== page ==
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The Saratogian Newsroom blog, complete with thoughts and commentary from our newsroom staff and regular posts on happenings around town.

Friday, August 9

Taiwanese Glove Puppetry — 台灣布袋戲

Here is a little supplemental information on Taiwanese Glove Puppets I received from a woman I met at International Day at Saratoga Race Course.

Yuchi Young was part of the Taiwanese American Association in Albany booth under the tent at International Day. She sent me a brief synopsis on Glove Puppets, something I was intrigued by.

Anyway, I thought it was interesting, so here is what she sent me:

Photos by the Se Den Society
Glove puppetry has been part of the traditional folk culture in Taiwan for more than 200 years. Originated from China’s southeast coastal area of Chuan-Chou, Fu-Chian Providence in the 17th century and it is a form of popular entertainment performed mostly during local temple festivals, birthday or ground-breaking celebrations on a small elevated stage. During 1980s, puppet shows became popular in Taiwan as prime-time TV program series.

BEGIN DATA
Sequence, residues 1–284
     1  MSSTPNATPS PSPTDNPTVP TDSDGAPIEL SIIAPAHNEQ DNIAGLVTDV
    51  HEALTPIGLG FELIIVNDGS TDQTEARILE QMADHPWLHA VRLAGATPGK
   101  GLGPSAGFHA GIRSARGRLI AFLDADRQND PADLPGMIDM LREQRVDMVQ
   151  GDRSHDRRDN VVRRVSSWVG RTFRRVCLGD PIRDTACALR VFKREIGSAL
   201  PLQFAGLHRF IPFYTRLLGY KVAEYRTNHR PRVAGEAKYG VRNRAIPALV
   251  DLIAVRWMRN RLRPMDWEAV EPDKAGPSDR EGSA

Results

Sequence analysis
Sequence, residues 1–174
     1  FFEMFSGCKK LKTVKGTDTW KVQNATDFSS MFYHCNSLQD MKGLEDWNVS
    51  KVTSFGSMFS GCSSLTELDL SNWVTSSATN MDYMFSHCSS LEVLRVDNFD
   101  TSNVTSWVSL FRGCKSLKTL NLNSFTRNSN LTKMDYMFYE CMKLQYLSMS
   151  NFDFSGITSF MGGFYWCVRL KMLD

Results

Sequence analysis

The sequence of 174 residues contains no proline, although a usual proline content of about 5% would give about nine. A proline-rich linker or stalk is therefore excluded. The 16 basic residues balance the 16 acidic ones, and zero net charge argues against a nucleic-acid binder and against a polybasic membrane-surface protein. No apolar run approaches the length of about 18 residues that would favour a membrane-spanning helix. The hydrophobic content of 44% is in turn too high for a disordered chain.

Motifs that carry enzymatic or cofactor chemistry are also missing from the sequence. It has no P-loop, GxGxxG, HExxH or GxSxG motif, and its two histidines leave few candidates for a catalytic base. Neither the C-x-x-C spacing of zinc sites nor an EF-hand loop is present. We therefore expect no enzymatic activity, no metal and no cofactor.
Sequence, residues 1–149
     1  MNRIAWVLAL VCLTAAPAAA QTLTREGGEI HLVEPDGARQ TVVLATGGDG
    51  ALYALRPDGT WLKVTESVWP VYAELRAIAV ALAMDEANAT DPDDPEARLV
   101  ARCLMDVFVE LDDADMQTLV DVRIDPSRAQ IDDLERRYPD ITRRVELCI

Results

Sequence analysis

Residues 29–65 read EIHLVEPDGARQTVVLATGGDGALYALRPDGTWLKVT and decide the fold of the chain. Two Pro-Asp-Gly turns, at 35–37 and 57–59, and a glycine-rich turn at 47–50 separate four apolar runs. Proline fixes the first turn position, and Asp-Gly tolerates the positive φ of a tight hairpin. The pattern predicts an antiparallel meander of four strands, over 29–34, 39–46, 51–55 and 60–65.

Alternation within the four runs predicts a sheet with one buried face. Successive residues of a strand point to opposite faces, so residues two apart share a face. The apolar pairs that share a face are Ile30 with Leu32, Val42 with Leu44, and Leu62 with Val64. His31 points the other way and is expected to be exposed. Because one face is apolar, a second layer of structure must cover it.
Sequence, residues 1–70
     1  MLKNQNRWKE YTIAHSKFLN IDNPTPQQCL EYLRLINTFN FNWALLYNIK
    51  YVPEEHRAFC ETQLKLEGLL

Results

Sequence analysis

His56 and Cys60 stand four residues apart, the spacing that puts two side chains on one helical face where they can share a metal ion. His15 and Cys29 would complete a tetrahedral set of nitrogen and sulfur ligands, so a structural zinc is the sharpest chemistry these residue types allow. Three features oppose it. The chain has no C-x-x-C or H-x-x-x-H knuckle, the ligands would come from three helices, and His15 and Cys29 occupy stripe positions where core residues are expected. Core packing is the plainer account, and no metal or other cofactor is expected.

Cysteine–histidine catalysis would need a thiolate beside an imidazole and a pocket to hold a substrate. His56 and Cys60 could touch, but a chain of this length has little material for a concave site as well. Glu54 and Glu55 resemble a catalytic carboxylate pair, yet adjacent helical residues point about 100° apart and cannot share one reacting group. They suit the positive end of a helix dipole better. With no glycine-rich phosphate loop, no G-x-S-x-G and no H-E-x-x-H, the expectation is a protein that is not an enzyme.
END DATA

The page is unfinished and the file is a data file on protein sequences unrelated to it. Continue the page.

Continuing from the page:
Measured about 30 cm in height, the puppet is made of wooden head and cloth body. They are controlled by three fingers; pointer for the head, thumb and middle finger for the hands. Master puppeteers are able to manipulate puppets into performing extremely complex actions, such as fighting with weapons.

The role of each puppet, such as male or female and gentleman or warrior, is expressed by its particular head and facial design, dress adornment and color. The scriptures of puppet shows are usually adopted from popular old Chinese love or war stories. They have contributed to the preservation of social values and heritage.

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